breakfast: omelet with avocado, salsa, peppers, onion, and flavors 

lunch: a modest bunch of nuts and celery sticks with guacamole and salsa 

dinner: chicken loaded down with pesto and cream cheddar, and a side of barbecued zucchini 


breakfast: sans sugar Greek, entire milk yogurt with peanut butter, cocoa powder, and berries 

lunch: ground hamburger lettuce wrap tacos with cut ringer peppers 

dinner: stacked cauliflower and blended veggies 


breakfast: cream cheddar hotcakes with blueberries and a side of barbecued mushrooms 

lunch: Zucchini and beet “noodle” serving of mixed greens 

dinner: white fish cooked in coconut oil with kale and toasted pine nuts

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What are the best thickening agents for cooking?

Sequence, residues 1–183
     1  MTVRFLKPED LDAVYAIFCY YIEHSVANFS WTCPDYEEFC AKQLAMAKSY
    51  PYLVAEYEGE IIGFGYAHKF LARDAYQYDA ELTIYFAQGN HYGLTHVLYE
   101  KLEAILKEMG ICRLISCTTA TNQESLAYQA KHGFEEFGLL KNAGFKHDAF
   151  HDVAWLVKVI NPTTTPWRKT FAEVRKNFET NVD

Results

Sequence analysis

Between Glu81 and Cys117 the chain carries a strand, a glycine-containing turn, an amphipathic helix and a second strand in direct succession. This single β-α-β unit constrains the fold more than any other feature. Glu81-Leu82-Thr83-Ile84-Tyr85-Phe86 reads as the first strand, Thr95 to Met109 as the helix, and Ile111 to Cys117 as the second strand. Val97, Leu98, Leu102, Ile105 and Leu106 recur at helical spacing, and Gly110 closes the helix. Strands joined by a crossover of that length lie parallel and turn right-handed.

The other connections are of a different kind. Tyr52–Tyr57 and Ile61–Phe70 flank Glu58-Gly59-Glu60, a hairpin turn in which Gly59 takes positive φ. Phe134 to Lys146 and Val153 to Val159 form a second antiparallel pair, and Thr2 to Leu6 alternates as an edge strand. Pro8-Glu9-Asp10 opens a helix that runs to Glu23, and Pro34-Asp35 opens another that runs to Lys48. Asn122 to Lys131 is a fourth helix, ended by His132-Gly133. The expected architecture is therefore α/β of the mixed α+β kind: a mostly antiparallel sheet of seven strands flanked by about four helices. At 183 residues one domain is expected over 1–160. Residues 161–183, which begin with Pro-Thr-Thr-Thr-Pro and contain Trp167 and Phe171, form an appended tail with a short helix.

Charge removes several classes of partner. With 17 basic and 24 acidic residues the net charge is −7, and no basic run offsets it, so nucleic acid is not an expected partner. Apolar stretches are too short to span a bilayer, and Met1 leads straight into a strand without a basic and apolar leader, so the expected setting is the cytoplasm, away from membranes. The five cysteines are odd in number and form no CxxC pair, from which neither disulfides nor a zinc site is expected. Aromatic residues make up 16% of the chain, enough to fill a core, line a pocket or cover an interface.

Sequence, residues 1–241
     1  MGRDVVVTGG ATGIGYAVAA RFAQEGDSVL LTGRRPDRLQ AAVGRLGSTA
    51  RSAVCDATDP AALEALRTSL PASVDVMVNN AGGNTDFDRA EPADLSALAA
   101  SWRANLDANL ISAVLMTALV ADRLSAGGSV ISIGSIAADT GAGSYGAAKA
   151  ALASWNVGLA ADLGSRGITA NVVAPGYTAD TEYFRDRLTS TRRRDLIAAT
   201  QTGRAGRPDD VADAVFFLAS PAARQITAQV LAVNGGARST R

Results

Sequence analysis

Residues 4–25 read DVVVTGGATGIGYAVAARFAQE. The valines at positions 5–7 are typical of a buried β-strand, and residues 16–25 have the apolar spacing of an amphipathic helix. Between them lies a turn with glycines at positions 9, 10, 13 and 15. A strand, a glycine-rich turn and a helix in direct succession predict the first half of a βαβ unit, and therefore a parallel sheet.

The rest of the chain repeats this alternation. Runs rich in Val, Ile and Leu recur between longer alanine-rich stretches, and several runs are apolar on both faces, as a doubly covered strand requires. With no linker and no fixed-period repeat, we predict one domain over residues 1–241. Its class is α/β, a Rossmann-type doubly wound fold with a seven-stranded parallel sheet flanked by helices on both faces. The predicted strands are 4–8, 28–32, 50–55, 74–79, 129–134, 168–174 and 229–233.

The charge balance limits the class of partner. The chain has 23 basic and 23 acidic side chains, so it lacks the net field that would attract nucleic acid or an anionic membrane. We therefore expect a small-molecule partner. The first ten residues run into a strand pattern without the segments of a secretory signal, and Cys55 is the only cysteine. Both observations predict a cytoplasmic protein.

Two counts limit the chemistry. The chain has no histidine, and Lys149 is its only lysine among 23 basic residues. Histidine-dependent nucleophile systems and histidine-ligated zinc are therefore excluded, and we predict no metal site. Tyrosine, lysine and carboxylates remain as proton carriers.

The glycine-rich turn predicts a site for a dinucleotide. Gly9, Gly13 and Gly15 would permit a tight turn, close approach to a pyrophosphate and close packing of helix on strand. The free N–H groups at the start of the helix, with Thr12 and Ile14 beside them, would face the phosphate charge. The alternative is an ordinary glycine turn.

I grew up eating my mom’s beef stew.  I always thought the tiny balls of flour in that stew was the norm.  Till this day my dad still won’t eat stew!  Now that I know a thing about cooking I understand.  Those little balls of flour dont do much to flavor that stew but it does thicken it.  Actually it kind of gave that beef stew a kind of flour taste.